Top five London shows during Frieze week

Our pick of the city's must-see exhibitions, including Picasso, Pollock and two million pennies<br>

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Picasso Portraits

6 October-5 February 2017

National Portrait Gallery   

When Pablo Picasso unveiled Les Demoiselles d’Avignon in his Paris studio in 1907, the painting was greeted by bafflement, anger and even laughter from friends and critics. The writer Félix Fénéon advised the 25-year-old artist to take up caricature. If the comparison rankled at the time, Picasso later conceded the point, declaring: “All good portraits are in some degree caricatures.” Caricature is a thread that runs through this exhibition that spans the eight decades of Picasso’s working life. The works range from a tentative 1896 self-portrait (aged 14 or 15) to a skull-like sketch from 1972 (aged 90), nine months before his death.

The Infinite Mix

Until 4 December

Hayward Gallery at The Store    

Any show that gets art critics pontificating about the rapper Kendrick Lamar has got to be a winner. This off-site exhibition, organised by the Hayward Gallery and The Vinyl Factory, brings together ten video works by artists including Cyprien Gaillard, Kahlil Joseph—who teamed up with Lamar for his two-screen installation—Rachel Rose and Martin Creed. Located in a disused office block on the Strand, each piece gets its own chamber, avoiding the sound leakage often found in video art shows. With holograms and 3D projections, this is probably the funnest show in town.

Abstract Expressionism

Until 2 January 2017

Royal Academy of Arts   

David Anfam, the world’s expert on the subject, has thoughtfully chosen and arranged 150 paintings, with some works in other media. He has allotted, very appropriately, Jackson Pollock, Willem de Kooning, Mark Rothko and Clyfford Still entire galleries to themselves, interspersed with thematic groupings, sculpture and works on paper. The hang satisfies the need for the undivided meditative and ocular attention that these paintings call for if they are to be experienced fully. A slow and prolonged visit is recommended. As with any classical work, no matter how familiar the Abstract Expressionism may seem, the works repay repeated close viewing.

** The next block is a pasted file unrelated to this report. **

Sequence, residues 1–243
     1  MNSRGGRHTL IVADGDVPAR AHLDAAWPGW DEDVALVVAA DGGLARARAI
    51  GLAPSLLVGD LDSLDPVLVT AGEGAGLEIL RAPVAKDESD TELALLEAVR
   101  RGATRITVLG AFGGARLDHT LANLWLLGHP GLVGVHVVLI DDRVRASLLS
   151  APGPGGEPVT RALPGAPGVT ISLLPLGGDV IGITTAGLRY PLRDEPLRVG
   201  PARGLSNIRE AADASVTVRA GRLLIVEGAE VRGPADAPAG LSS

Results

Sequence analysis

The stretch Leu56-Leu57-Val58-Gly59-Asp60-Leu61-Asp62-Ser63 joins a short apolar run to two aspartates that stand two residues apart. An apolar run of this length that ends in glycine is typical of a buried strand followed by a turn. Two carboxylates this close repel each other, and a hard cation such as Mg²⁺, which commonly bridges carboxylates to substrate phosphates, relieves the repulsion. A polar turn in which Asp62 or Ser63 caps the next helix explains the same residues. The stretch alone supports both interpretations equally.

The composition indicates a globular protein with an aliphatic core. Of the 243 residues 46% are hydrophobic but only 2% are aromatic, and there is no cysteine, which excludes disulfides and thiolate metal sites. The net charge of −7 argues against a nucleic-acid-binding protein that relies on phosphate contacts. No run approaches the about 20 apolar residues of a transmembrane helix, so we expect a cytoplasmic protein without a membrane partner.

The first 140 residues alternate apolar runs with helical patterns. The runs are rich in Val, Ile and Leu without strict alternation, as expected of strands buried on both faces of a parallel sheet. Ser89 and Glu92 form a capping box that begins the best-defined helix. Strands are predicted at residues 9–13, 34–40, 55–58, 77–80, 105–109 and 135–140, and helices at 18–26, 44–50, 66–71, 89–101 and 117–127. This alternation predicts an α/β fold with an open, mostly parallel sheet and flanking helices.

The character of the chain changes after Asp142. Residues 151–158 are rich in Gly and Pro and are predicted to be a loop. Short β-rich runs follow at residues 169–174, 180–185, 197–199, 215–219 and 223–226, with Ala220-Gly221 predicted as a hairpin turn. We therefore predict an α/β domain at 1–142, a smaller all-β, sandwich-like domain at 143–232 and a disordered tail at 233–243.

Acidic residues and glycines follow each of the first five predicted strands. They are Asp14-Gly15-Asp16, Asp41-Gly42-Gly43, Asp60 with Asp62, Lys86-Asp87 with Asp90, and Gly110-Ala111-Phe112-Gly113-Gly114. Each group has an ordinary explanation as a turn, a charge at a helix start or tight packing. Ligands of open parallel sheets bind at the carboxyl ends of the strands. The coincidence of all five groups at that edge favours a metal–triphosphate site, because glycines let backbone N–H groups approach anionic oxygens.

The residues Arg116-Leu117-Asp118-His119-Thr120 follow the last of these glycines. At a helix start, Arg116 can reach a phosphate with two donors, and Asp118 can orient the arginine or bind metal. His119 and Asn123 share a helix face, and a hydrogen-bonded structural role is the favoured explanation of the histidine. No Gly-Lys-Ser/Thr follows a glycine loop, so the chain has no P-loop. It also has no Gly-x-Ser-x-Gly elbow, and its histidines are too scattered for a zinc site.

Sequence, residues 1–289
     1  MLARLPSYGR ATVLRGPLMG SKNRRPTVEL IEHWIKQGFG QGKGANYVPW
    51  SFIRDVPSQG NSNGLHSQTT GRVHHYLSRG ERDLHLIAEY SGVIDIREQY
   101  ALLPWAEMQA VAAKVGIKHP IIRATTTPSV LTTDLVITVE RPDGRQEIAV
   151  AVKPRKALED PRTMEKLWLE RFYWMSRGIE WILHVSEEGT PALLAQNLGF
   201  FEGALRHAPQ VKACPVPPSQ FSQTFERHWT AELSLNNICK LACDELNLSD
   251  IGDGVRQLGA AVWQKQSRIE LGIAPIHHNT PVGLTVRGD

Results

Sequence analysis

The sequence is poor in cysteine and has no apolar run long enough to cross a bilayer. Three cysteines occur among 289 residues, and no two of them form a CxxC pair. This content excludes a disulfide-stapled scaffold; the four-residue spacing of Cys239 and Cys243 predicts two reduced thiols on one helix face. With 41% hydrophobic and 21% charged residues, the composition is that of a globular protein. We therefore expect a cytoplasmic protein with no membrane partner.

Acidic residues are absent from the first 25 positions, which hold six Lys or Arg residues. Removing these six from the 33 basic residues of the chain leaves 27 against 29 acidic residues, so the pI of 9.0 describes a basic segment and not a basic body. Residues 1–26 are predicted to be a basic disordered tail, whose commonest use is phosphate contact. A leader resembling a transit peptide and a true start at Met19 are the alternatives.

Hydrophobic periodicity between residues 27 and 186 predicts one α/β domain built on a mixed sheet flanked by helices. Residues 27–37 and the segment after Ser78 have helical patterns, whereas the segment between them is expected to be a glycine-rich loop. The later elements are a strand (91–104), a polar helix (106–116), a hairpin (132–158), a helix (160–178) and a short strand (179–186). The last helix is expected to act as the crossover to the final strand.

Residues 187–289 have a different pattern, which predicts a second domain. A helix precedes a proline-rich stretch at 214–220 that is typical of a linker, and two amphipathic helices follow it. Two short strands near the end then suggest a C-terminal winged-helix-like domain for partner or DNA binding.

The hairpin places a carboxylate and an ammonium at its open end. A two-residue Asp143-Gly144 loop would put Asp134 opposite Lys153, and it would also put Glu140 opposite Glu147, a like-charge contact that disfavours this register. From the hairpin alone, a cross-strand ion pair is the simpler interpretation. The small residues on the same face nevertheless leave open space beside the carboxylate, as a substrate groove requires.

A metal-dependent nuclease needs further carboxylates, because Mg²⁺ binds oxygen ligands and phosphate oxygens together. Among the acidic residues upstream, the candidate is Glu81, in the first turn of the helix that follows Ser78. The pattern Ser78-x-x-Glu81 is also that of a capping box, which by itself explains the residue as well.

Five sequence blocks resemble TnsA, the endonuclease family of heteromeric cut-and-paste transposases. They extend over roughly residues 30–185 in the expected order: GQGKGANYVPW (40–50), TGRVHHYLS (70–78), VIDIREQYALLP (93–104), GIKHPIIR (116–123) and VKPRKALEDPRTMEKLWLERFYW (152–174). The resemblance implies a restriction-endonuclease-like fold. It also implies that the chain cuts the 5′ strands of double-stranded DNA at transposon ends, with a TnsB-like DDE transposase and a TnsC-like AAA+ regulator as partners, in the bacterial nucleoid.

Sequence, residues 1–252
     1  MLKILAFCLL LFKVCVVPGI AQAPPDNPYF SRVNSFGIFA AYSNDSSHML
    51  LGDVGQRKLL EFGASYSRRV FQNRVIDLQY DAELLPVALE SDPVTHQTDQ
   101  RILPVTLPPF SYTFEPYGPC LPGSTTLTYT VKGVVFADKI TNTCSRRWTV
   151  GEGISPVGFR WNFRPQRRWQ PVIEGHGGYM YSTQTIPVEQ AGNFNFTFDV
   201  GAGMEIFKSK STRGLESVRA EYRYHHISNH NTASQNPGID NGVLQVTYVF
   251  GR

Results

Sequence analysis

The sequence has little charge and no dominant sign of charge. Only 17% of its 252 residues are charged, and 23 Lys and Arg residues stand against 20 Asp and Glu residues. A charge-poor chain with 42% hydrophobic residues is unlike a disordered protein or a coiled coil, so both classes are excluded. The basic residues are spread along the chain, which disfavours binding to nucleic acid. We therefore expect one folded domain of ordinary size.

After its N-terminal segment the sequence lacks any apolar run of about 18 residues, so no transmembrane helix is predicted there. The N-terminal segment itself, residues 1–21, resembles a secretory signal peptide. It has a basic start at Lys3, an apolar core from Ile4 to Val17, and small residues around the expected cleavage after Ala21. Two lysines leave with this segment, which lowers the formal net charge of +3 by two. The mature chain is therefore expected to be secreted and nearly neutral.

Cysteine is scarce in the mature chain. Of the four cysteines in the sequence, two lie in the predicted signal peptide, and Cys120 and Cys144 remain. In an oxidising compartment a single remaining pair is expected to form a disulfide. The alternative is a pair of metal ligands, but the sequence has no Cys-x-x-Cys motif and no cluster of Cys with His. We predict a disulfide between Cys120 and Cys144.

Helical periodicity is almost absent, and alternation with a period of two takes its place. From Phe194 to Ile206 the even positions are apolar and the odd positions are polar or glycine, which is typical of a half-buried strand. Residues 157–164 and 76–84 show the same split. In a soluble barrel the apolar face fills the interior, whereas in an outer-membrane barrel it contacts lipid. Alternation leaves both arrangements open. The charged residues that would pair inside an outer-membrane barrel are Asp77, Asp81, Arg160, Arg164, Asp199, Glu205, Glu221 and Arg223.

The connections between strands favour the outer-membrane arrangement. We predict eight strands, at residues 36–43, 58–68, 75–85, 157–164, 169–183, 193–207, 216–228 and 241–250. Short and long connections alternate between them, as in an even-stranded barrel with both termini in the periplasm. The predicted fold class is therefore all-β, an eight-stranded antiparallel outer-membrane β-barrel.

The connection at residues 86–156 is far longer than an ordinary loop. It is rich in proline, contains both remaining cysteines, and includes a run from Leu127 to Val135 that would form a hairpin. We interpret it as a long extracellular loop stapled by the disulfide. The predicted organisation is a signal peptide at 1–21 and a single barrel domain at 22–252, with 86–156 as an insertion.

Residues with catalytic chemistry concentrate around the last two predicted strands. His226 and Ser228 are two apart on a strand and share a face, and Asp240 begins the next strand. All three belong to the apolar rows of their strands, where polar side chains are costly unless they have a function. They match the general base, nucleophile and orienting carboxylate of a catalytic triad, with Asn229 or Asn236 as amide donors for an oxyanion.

Hyundai Commission: Philippe Parreno

Until 2 April 2017

Tate Modern

Philippe Parreno has taken over Tate’s Turbine Hall with a multi-sensory experience full of drama. The show builds on many of the elements from his recent exhibition at Gladstone Gallery in New York but on a vast scale, with balloons modelled on fish from the Thames, and an orchestration of flashing lights and sounds recorded from microphones outside the Tate. There are also walls that come down from the ceiling to make an impromptu cinema, showing images of bacteria with a voiceover by the British ventriloquist Nina Conti.  

Turner Prize 2016

Until 2 January 2017

Tate Modern   

“Wit, playfulness and a sense of the absurd” are themes of this year’s Turner Prize, according to the director of Tate Britain and chair of the jury, Alex Farquharson. It’s easy to see why, with the shortlisted artists producing work ranging from a (much)larger-than-life sculpture of a man’s buttocks (Anthea Hamilton) to a sit-and-ride train installation (Josephine Pryde). The two other shortlisted artists are Michael Dean, with an installation made of 2,043,599 pennies, and Helen Marten, whose complicated installations include visual puns. The winner of the £25,000 prize will be announced in December.  

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